‘SBlood 3: Stop Talking Ridiculous

Failing to extract intelligence from me, they went after my next of kin. My sister was away on business, making the rich and famous more so, or helping flash-in-the-pan short-timers maximize celebrity-market-value before the inevitable Shoe dropped. Public Relations. She was good, very good, a myth-maker/purveyor with a future in the pantheon of major leaguers: Homer, Dante, Shakespeare, Howard Cosell.

My father came up from Florida.

“Hey, kid.”

He looked a bit rumpled in his suit. Very unlike him. He looked drawn – not as in ‘cartoon’ drawn, though he was always that as well, but tired. Spent.

“I spoke to Doctor…shit, what was his name…?” he patted his pockets as if to search for a business card or memo.



“Brows. I take it you noticed his – “

“Oh that’s right. Hah! That’s kind of a weird thing he’s got going on up there. But he seems like a nice guy. Anyway, I spoke with him.”

“Really? What about?”

“Your history. You know. So how you feeling?”

“Not bad. You?”

“Hanging in there. Hanging in.”

Pause, silence, smile, a machine went bing; not mine I don’t think, someone’s machine.

“What history?” I inquired.


“Like when I pitched that little league team, what were we called, we wore those red uniforms, to the championship?”

“Ha, ha. Ho, ho. You know, when you were a little kid, when you were sick.”

“How little?”

“About the time you were born to age a year, maybe eighteen months.”

“Oh? Did I have any transfusions when I was ‘sick?’”

“A few.”

“How few?”

“Maybe twenty, twenty-five, possibly thirty. It was a long time ago. Who remember these things?”

“Twenty or thirty transfusions? As an infant? How do you transfuse a one-year-old, with a syringe and one of those plastic sandwich bag things full of blood?”

“Syringe. Baggy full of blood. Ha! That’s good. Why do you ask?”

“This doctor Brows is a real freak. I think he wants to give me a bone-marrow transplant.”

“Yeah, I spoke to him about that. He wants your sister to come in for testing. See if she’s a match.”

“Bone-marrow transplant?! What’s with this guy? Is he fucked?”

“Why not? He said it would make you all better.”

“’You can’t be much poorer than dead.’”


“Flannery O’Connor.”

“Who’s that, your Nurse? What the hell does she know? More than a doctor? These bone-marrow transplants are a big thing now.”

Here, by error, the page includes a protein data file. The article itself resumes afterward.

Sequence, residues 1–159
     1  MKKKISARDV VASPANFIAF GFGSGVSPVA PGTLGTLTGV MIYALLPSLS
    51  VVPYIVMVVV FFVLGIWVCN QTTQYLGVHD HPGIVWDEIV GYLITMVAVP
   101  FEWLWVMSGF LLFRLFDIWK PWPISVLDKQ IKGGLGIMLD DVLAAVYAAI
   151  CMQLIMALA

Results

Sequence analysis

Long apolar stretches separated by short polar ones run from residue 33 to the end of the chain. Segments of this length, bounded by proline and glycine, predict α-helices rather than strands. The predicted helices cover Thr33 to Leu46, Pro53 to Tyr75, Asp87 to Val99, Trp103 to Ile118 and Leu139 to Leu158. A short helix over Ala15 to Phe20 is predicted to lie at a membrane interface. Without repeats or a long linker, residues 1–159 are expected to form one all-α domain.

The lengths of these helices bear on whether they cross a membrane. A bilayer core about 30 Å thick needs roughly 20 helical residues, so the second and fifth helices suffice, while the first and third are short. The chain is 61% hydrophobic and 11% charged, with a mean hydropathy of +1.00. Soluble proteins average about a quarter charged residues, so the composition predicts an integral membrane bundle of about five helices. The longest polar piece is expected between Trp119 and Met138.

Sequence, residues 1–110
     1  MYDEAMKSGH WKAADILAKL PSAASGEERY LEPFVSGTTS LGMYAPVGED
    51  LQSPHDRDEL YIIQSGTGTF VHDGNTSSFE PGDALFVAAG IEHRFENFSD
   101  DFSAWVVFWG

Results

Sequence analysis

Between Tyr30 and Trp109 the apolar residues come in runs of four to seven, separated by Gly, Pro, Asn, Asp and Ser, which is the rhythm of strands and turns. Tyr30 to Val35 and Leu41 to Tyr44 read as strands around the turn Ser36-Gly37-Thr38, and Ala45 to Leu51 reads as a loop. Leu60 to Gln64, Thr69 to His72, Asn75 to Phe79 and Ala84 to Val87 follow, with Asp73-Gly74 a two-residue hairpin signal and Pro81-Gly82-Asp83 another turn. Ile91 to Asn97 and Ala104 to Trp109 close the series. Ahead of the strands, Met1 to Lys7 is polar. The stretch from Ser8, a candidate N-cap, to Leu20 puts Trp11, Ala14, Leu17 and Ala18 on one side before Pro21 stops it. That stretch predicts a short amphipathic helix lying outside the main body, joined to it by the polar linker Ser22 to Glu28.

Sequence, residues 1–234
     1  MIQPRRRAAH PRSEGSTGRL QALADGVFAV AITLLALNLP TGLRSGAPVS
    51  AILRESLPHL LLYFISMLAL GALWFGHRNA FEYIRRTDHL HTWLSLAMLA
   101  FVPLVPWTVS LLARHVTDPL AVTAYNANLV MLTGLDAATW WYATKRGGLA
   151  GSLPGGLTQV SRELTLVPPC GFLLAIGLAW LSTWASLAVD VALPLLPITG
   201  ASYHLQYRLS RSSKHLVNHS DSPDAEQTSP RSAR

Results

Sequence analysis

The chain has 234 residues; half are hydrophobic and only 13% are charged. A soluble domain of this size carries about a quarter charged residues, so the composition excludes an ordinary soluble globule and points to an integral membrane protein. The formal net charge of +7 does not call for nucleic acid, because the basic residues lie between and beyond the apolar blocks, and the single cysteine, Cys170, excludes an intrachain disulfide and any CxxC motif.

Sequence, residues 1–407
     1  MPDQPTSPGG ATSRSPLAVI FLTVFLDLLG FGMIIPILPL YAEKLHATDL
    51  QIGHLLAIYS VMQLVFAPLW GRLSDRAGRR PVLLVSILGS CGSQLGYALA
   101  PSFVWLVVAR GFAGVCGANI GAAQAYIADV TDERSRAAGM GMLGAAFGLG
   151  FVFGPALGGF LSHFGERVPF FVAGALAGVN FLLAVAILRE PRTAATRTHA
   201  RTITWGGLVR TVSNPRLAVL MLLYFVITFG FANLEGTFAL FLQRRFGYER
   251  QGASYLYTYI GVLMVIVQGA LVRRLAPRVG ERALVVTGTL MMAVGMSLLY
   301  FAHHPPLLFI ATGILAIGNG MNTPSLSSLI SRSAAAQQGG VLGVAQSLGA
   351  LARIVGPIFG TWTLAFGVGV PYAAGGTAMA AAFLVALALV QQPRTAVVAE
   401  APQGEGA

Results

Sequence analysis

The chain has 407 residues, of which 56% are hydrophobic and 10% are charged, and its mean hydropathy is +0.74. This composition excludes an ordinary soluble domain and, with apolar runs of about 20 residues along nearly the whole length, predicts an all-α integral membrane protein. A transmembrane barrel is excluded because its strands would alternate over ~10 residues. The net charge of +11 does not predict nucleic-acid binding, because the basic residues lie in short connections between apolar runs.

“That’s insane. You know what the mortality rate is on those things? Even if it was billion-to-one odds I wouldn’t take them cause of the very possibility of these guys fucking up. Can you imagine a more painful way to die? And chances of them fucking up increase each year you pass twenty. Today marking my thirtieth year on earth implies ten times the chances they’ll fuck up.”

“Stop talking ridiculous. It not be a bad thing. You’re still young, yet. You don’t need this kind of grief. Happy birthday, by the way.”

Two aides or assistants, or whatever you call people who work in hospitals who aren’t white, or far east Asian, wheeled in a stretcher to take me to my next ‘exam:’ another whirly-gig with ominous sounds and flashing lights and ‘administering technician’ crouched for cover behind smoked-glass. My father told me to ‘hang in there’ and ‘keep me posted’ and left for his new life as yet another Florida widow/widower-on-the-beach in mass exodus (each unrelated to the others in their wanderings except for accident of circumstance) from their now too-big, too-empty, suddenly unfamiliar condos.

Adam Engel lived for your sins -- and he lived well! -- in Fear-and-Trembling, Brooklyn, one of the last gangrenous toes of NYC not yet severed and replaced with a prosthetic gentrification device. Engel has traveled the farthest regions of cyberspace, where Dark-matter meets Doesn't-matter; and Anti-matter, despite its negative connotation and dour point-of-view, excercises rights of expression protected by Richard Stallman's GNU/Free Software Foundation and CopyLeft agreement, if nobody and nothing else. Having spent many years studying Boobus Americanus (Summum Ignoramus), allegedly the most intelligent mammal on earth -- after its distant relative, Homo Sapiens -- in various natural habitats (couch, cubicle, bar-stool, ball-game -- televised or 'real-time') -- Engel has thus far related his observations of and experiences with this most dangerous of predators in three books -- Topiary, Cella Fantastik, and I Hope My Corpse Gives You the Plague (the combined international sales of which have reached literally dozens, perhaps as many as seventy, with projected revenue to top three digits by decade's end! Truly a publishing phenomenon). Engel is Associate Editor of Time Capsule Books, a division of Oliver Arts & Open Press, published in limited editions for a tiny, highly specified, though eclectic, target-audience: people who actually read books. He can be reached at adam@new.dissidentvoice.org Read other articles by Adam, or visit Adam's website.